[A]fter more than half a century of scholarly effort, Wittgenstein is still not properly understood contends James Klagge in this impressive, fresh work. Combining rigorous historical scholarship, creative philosophical work and insightful cultural critique, Wittgenstein in Exile will be of lively interest to readers of Wittgenstein on all levels.—Philosophy in Review—
Wittgenstein in Exile is a thought-provoking book…Professor Klagge possesses the ability to formulate—with greater clarity than I myself have been able to muster—thoughts that I have nevertheless frequently had; it is in this regard that I most commend his book.
—British Wittgenstein Society
Klagge’s discussions are always clear, thoughtful, and intelligent…Klagge does not enter the house of Wittgenstein by the front door but writes for those who, having tried that approach unsuccessfully, want to look around the side to see if there is a way in there. For people in that position this is an excellent resource.
—The Philosopher’s Magazine
An important contribution to research on the philosophy of Wittgenstein…Klagge illuminates numerous themes and passages in Wittgenstein…provocative and stimulating.
—Trenton A. Jerde
, Cognitive Critique
Professor Klagge’s detailed knowledge both of the minutest details of Wittgenstein’s biography and the whole range of his posthumous philosophical papers lends the study depth…[Klagge] has written a book that is as intelligible as it is humane, which will certainly be immensely useful in helping beginners to appreciate the difficulties but also to enjoy the rewards of learning to philosophize with Wittgenstein.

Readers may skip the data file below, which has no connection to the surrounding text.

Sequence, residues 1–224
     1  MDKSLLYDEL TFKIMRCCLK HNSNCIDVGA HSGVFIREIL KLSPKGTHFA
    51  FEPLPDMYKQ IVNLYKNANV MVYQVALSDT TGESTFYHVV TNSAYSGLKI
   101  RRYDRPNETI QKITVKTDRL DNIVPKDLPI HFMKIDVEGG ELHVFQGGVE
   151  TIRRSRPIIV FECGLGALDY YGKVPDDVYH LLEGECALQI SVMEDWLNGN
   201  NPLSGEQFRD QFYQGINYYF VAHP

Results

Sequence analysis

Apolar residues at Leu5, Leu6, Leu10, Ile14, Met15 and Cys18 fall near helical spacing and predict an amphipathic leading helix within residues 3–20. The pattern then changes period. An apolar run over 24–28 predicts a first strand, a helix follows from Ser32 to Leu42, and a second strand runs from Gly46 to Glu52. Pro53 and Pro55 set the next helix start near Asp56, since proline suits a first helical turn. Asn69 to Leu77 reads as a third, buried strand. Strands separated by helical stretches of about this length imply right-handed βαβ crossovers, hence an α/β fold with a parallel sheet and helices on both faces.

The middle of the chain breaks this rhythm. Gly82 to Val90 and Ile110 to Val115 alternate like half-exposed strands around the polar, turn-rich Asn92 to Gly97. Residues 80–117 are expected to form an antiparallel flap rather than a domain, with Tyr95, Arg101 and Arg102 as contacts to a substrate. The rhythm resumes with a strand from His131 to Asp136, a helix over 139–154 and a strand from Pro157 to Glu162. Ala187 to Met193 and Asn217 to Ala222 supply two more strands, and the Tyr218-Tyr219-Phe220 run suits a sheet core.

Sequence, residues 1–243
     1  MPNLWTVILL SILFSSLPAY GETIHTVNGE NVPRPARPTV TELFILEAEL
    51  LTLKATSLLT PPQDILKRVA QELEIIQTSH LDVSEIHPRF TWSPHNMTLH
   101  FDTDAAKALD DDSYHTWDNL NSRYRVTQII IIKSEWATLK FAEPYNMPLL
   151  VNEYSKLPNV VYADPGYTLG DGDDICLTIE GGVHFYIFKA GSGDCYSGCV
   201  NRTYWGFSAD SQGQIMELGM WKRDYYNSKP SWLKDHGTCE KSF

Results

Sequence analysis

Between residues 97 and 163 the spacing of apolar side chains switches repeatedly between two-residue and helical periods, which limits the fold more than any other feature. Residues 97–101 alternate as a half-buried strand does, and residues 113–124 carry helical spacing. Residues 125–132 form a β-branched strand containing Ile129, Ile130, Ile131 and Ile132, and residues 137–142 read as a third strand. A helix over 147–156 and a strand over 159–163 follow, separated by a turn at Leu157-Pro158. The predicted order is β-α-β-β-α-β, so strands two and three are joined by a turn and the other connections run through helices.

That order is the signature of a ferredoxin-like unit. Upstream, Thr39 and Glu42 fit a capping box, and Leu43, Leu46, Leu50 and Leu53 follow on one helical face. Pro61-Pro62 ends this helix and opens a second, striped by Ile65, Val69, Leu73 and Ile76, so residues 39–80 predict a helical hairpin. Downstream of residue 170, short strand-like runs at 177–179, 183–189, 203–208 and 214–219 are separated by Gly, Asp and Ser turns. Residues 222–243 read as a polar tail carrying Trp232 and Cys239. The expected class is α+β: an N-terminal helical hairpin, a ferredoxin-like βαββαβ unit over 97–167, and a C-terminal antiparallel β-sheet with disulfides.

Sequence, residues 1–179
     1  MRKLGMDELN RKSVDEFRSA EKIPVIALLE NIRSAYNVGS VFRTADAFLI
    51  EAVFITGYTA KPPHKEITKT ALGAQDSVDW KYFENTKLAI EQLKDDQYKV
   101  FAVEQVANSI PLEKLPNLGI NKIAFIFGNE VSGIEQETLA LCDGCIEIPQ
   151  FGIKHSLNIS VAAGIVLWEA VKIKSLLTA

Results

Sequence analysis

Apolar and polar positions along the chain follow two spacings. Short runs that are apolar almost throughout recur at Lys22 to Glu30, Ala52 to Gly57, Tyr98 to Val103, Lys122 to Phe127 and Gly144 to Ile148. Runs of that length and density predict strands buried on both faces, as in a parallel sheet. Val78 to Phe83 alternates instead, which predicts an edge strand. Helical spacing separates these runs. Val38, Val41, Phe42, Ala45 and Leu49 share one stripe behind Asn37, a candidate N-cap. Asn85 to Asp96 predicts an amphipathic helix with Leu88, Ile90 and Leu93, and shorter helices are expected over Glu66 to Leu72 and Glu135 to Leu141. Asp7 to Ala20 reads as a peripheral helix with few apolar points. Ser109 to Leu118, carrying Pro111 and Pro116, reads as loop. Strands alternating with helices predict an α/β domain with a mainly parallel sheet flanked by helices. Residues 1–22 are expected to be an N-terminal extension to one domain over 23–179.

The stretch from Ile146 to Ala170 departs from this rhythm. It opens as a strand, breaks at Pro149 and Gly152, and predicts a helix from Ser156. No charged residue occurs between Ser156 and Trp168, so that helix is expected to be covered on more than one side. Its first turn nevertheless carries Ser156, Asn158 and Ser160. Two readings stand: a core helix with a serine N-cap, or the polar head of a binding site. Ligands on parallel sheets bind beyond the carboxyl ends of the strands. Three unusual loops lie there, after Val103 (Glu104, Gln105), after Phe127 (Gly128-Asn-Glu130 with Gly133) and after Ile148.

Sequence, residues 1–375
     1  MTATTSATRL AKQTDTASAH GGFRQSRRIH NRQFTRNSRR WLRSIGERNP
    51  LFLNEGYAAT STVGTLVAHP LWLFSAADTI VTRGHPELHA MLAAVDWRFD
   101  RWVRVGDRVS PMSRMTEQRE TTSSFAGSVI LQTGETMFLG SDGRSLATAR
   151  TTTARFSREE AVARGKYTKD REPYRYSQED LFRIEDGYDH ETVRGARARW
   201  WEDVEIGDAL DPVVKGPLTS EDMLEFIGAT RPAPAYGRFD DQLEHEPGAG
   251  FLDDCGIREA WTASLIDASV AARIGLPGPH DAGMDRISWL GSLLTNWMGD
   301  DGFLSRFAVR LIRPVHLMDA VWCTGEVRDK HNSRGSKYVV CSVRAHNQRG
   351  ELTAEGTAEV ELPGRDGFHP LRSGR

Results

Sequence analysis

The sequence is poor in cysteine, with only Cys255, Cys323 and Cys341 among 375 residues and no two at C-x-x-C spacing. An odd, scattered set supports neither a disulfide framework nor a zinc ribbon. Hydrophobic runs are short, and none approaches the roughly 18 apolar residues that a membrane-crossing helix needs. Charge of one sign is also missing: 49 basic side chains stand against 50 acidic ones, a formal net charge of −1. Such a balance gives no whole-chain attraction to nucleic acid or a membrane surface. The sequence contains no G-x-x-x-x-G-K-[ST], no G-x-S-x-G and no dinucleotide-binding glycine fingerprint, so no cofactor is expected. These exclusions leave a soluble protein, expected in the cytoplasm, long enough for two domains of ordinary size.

, Humanities and Social Sciences Online
Surprisingly enjoyable…highly engaging. Klagge writes extremely well and shows an unusually high level of scholarship…thoughtfully and often convincingly presented and discussed.
Rich and varied in content…a stimulating read…Klagge makes fruitful use of less-known Wittgenstein material, such as notes from his lectures…[and] has important things to say on all the issues he raises.
—Notre Dame Philosophical Reviews
Another and more important reason is the fact that the questions raised by the book will stimulate readers to think about aspects of Wittgenstein and his work that are too often neglected. It is an additional virtue of Klagge’s work that the material put at our disposal is rich enough to allow readers to assess a great number of arguments that could be adduced for very different, and perhaps incompatible, readings of Wittgenstein.
I mentioned Wittgenstein’s approach to philosophy, and would like to recommend an enthralling and scholarly account of him that I’ve just read: James Klagge’s Wittgenstein in Exile. Among other things, this book is a good companion to thinking about the nature of philosophy.
, 3:AM Magazine